2006   USA Blood Diamond
Blood Diamond Image Cover
Additional Images
Director:Edward Zwick
Studio:Warner Brothers
Writer:Charles Leavitt, Charles Leavitt
IMDb Rating:8.0 (152,411 votes)
Awards:Nominated for 5 Oscars. Another 5 wins & 14 nominations
Genre:Adventure, Drama, Thriller
Duration:143 min
Edward Zwick  ...  (Director)
Charles Leavitt, Charles Leavitt  ...  (Writer)
Leonardo DiCaprio  ...  Danny Archer
Djimon Hounsou  ...  Solomon Vandy
Jennifer Connelly  ...  Maddy Bowen
Kagiso Kuypers  ...  Dia Vandy
Arnold Vosloo  ...  Colonel Coetzee
Antony Coleman  ...  Cordell Brown
Benu Mabhena  ...  Jassie Vandy
Anointing Lukola  ...  N'Yanda Vandy
David Harewood  ...  Captain Poison
Basil Wallace  ...  Benjamin Kapanay
Jimi Mistry  ...  Nabil
Michael Sheen  ...  Rupert Simmons
Marius Weyers  ...  Rudolf Van De Kaap
Stephen Collins  ...  Ambassador Walker
Ntare Mwine  ...  M'Ed
Eduardo Serra  ...  Cinematographer
Ntare Guma Mbaho Mwine  ...  M'Ed
Comments: Truth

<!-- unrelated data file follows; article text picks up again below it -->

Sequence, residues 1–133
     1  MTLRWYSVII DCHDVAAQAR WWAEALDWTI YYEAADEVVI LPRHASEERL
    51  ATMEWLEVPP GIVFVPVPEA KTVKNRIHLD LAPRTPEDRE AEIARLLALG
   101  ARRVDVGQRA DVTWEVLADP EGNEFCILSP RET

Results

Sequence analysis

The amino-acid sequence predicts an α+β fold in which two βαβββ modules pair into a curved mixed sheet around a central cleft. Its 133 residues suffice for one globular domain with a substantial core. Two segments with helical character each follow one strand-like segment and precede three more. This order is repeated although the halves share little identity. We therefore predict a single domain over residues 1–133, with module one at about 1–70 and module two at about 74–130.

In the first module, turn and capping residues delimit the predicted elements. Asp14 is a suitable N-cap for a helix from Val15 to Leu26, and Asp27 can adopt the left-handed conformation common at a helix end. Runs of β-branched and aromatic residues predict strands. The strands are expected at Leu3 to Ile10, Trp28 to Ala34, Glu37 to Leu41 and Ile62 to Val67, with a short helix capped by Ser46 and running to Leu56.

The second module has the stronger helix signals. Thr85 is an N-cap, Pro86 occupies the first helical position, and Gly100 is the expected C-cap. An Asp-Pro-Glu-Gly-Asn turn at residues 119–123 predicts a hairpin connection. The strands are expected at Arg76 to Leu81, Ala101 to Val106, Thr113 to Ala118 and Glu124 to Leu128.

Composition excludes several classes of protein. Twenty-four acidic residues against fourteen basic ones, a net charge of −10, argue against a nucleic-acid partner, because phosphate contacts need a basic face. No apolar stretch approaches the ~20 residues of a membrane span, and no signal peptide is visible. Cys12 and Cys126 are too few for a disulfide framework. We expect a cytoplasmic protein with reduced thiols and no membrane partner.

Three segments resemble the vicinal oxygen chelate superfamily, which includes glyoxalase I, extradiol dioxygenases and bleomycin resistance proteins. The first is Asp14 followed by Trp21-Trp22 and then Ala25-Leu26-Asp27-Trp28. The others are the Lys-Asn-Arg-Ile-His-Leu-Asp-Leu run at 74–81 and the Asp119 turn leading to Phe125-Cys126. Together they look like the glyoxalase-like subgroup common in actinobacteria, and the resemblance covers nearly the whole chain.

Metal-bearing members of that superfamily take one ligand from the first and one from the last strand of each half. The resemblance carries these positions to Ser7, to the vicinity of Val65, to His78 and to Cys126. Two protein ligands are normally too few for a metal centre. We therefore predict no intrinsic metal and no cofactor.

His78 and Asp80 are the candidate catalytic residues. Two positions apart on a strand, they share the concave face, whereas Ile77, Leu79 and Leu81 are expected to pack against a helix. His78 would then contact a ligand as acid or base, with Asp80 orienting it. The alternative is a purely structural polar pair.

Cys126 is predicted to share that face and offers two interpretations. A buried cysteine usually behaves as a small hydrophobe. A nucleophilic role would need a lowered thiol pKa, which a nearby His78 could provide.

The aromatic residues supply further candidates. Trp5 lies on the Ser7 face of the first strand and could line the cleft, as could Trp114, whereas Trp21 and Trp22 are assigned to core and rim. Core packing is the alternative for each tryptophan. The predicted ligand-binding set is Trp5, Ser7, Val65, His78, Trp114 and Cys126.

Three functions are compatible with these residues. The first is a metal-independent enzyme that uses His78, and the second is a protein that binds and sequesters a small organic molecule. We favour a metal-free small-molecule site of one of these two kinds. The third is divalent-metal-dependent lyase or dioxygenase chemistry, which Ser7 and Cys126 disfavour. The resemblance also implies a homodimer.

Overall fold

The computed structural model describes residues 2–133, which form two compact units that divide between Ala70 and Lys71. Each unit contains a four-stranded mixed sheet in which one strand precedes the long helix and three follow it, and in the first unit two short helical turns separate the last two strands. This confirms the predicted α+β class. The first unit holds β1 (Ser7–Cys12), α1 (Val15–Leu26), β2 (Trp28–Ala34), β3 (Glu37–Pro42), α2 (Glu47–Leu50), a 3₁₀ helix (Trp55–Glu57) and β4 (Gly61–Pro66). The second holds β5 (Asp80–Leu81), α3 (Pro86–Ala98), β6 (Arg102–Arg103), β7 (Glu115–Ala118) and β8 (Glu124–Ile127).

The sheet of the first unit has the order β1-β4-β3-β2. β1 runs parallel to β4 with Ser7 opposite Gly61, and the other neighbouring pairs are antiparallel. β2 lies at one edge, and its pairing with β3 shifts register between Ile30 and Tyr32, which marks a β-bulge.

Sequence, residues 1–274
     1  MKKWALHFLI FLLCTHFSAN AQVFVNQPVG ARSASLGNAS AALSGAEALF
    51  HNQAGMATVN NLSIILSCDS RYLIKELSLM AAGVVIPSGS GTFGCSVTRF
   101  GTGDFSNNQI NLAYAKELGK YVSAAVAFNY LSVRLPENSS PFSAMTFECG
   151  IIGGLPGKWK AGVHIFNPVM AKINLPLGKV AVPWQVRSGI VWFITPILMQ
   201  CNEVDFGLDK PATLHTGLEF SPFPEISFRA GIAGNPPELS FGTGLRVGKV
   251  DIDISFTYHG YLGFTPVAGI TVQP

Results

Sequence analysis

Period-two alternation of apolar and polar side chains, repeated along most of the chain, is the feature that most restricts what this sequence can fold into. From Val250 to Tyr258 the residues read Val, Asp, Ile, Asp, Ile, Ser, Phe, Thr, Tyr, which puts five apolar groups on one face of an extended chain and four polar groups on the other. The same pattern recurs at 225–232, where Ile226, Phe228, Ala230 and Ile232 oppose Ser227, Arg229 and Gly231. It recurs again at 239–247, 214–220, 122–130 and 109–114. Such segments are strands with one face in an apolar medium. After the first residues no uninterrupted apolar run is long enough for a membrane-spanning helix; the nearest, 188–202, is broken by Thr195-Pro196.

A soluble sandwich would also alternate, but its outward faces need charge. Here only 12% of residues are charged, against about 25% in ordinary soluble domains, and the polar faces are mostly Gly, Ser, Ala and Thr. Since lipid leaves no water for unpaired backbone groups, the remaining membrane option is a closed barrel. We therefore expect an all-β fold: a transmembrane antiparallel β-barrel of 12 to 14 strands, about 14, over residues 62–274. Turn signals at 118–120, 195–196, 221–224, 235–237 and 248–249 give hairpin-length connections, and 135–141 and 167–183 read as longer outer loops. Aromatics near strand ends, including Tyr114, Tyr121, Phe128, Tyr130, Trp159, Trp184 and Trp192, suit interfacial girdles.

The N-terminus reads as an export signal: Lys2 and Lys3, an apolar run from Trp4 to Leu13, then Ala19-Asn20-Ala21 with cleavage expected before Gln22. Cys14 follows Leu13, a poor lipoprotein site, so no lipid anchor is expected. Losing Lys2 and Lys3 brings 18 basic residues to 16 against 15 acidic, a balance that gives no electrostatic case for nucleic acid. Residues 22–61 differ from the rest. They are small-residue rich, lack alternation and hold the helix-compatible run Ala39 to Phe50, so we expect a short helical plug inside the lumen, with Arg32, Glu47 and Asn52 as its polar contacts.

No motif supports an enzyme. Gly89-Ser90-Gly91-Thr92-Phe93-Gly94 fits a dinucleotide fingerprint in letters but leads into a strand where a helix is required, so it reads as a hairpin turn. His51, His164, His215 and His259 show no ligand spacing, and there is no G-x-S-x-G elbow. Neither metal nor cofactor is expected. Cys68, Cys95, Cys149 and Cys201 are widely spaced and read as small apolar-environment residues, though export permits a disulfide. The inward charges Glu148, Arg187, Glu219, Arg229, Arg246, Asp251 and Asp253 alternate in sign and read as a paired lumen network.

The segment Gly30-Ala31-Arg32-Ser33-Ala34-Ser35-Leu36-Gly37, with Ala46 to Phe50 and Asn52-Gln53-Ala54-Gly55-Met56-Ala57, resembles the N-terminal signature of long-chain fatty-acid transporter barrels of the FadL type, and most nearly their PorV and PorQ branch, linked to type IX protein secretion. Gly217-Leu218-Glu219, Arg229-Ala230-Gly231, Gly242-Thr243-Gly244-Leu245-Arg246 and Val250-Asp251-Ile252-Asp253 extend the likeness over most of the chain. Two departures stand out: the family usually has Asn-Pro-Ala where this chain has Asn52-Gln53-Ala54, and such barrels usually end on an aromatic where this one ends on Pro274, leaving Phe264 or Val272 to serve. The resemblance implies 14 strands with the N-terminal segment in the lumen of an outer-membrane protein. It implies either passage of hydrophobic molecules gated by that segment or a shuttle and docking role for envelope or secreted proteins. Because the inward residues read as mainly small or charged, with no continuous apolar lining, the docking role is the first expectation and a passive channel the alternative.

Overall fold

Summary: Leonardo DiCaprio puts a handsome face on an ugly industry: In parts of Africa, diamond mining fuels civil warfare, killing thousands of innocents and drafting preteen children as vicious soldiers. DiCaprio (The Departed) plays Danny Archer, a white African soldier-turned-diamond-smuggler who gets wind of a large raw jewel found by Solomon Vandy, a native fisherman (Djimon Hounsou, In America) recently escaped from enslavement by a brutal rebel leader. Archer offers a deal: He'll help Vandy find his war-scattered family if Vandy will share the diamond with him. Drawn into this web of exploitation is journalist Maddy Bowen (Jennifer Connelly, Little Children), who agrees to help if Archer will tell her the details of how conflict diamonds make their way into the hands of the corporations who sell them to the Western world. DiCaprio is compelling because he never flinches from Archer's utter ruthlessness; Archer ends up doing the morally justifiable thing, but only because his desperate greed has led him to it. Hounsou and Connelly, though saddled with all the moral and political speeches, rise above the cant and keep the movie's treacherously formulaic plot rooted in human characters. But in the end, the story won't stick with you as much as the dead stillness in the child soldiers' eyes; the horror of African civil strife refuses to be contained by Blood Diamond's uplifting message--and the movie is all the more potent as a result. --Bret Fetzer

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